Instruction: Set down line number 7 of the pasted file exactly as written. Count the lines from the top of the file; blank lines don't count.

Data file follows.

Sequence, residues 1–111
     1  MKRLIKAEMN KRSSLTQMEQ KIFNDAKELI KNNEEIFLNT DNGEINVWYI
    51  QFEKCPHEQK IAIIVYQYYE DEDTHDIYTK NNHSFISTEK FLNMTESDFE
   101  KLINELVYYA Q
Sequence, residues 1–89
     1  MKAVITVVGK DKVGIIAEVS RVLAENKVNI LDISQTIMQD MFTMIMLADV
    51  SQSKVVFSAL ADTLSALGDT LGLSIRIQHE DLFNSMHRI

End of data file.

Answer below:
    51  SQSKVVFSAL ADTLSALGDT LGLSIRIQHE DLFNSMHRI